The War Room is presented in it’s original aspect ratio of 1.33:1 from a new 1080p high definition digital transfer which was created on a Spirit 2K Datacine from the original 16mm camera negative. For a low budget documentary, this transfer looks incredibly good with vibrant colors, sharp details, and excellent black levels. This is an excellent transfer but there’s only so much that can be done with all of the archival footage that is incorporated into the film. According to the booklet that was include by Criterion asserts that the new transfer was ”approved by filmmakers Chris Hegedus and D.A. Pennebaker and producer Frazer Pennebaker, this new high-definition digital transfer was created on a Spirit 2K Datacine from the original 16mm camera negative. Thousands of instances of dirt, debris, scratches, splices, and warps were manually removed using MTI’s DRS, while Image Systems’ Phoenix was used for grain, noise reduction, jitter, and flicker.”
Audio (4 1/2 out of 5 stars)
The War Room only has audio track on this disc and it’s a really good DTS-HD Master Audio 2.0 mix. This isn’t the most robust mix however, as it is a documentary that captured sound on the fly. The good news is that the dialogue captured in the film has excellent clarity throughout which is extremely important for a documentary. According to Criterion’s booklet, ”the soundtrack was remastered at 24-bit from the original 35mm magnetic audio tracks. Clicks, thumps, hiss, and hum were manually removed using Pro Tools HD. Crackle was attenuated using AudioCube’s integrated workstation.”
Extras (4 1/2 out of 5 stars)
The Criterion Collection has provided some interesting extras and even a complete feature length sequel! All are in high definition so this is a win-win for everyone.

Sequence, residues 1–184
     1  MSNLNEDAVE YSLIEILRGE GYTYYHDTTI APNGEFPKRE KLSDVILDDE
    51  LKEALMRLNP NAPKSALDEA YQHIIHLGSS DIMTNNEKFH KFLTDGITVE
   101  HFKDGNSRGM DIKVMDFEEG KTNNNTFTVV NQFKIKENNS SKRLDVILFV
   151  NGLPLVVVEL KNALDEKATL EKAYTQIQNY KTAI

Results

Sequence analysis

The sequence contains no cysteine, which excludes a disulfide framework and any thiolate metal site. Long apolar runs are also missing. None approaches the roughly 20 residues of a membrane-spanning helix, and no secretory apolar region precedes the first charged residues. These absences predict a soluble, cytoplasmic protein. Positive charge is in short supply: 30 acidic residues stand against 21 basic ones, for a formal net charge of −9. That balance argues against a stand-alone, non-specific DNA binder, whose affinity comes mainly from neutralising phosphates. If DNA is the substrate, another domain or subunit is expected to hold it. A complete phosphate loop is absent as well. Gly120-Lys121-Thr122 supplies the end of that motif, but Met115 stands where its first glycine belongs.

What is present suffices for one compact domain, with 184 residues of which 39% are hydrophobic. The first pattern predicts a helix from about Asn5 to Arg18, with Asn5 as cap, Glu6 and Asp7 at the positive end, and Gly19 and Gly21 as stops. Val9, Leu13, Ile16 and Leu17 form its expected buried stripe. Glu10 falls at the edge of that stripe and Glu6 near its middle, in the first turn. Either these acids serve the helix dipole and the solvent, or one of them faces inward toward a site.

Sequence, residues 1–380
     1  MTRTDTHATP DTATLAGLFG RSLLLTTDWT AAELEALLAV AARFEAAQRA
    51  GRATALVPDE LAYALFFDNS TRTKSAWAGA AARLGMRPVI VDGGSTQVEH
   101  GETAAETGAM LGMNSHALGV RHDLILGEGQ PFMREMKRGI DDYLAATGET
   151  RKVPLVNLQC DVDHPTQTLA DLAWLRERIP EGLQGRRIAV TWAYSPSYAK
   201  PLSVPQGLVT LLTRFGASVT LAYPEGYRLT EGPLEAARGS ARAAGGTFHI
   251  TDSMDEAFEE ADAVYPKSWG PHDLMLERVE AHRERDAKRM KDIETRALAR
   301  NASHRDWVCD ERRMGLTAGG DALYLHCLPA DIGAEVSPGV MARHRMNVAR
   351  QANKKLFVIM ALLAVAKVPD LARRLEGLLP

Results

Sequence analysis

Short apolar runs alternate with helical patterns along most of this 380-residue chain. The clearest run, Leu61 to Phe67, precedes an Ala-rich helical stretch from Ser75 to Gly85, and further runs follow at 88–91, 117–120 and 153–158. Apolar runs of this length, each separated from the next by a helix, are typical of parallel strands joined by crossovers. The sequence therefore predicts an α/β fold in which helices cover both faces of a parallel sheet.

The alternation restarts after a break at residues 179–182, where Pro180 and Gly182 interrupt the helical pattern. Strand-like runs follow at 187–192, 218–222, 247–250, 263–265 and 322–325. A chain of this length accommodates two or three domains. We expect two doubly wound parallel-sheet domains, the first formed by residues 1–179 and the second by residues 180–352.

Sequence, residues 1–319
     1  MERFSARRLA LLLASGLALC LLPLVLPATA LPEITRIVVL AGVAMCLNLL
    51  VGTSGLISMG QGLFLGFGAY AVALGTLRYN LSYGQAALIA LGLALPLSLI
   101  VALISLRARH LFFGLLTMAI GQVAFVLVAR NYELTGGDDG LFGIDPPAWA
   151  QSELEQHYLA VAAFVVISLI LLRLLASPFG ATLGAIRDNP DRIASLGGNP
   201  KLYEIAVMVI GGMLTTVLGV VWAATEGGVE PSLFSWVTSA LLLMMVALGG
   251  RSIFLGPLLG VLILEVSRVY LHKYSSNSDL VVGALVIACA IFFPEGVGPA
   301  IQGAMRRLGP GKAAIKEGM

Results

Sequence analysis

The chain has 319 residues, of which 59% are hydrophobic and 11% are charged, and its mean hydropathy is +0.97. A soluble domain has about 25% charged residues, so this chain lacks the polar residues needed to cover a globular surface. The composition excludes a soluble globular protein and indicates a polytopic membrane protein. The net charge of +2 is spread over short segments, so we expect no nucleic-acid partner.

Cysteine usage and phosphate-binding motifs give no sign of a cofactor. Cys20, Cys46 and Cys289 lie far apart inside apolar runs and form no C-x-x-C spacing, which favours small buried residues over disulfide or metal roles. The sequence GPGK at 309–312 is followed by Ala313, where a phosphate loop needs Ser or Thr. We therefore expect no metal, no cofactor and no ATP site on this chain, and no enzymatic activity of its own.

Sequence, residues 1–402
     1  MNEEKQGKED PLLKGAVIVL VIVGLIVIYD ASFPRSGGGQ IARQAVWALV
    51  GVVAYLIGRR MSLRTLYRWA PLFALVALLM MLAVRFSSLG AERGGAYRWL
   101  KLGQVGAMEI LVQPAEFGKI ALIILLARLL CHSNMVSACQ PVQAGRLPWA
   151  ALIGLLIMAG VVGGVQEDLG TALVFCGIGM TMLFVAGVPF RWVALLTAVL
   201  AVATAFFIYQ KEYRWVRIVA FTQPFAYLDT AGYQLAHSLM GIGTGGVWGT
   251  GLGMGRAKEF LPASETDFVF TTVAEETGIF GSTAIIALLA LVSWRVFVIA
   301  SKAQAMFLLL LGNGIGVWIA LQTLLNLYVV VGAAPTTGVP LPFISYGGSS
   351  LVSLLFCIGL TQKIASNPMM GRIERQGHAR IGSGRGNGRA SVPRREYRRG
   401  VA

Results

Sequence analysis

- William J. Clinton Foundation Panel – The William J. Clinton Foundation hosted a panel discussion that included many of his former campaign staff including James Carville, Vernon Jordon, and others talk about the difficult campaign. They don’t get much time to talk however since President Clinton can’t resist the spotlight and takes over the discussion. This isn’t the full panel but just excerpts and it runs almost thirty minutes.
- Return of The War Room – The Return of the War Room is a sequel that delves more into the personal lives of the original participants of The War Room. We learn more about James Carville and his wife Mary Matalin, George Stephanopoulos, former deputy communications director Bob Boorstin, former press secretary Dee Dee Myers, Newsweek journalist Mark Miller, and more. We also learn about how influential the 1992 campaign was on modern day politics from Mark McKinnon and Frank Luntz. This was my favorite extra on this set and I liked it even better than the original War Room. This follow up focuses mostly on Carville and Matalin’s unique relationship and we finally learn what happened between them after Clinton’s win fueled Matalin’s anger and frustration when her campaign for Bush failed.
- Making The War Room – We hear from the people that made the film including: directors Chris Hegedus and D.A. Pennebaker; producers R.J. Cutler, Wendy Ettinger, and Frazer Pennebaker; and camera operator Nick Doob. The group discusses how they came about filming the campaign staff instead of Clinton when their original request was denied and the process of filming the documentary and the overall campaign.
- Stanley Greenberg – A short talk with the Clinton ’92 campaign pollster Stanley Greenberg about his profession and his past experiences doing polls for Clinton.
- Booklet – This booklet includes an essay by Harvard professor Louis Menand called “Being There”.
Summary ( 4 1/2 out of 5 stars)
The War Room is a perfect snapshot in time that shows just how far we’ve come and conversely just how much some things haven’t changed. The film was the perfect springboard for Carville and Stephanopoulos who went on to big things in the media world. This is a uniquely American movie that shows both the strengths and the weaknesses of our political system. The Criterion Collection has done an excellent job putting this release together and this is by far the best version of the film that’s been issued.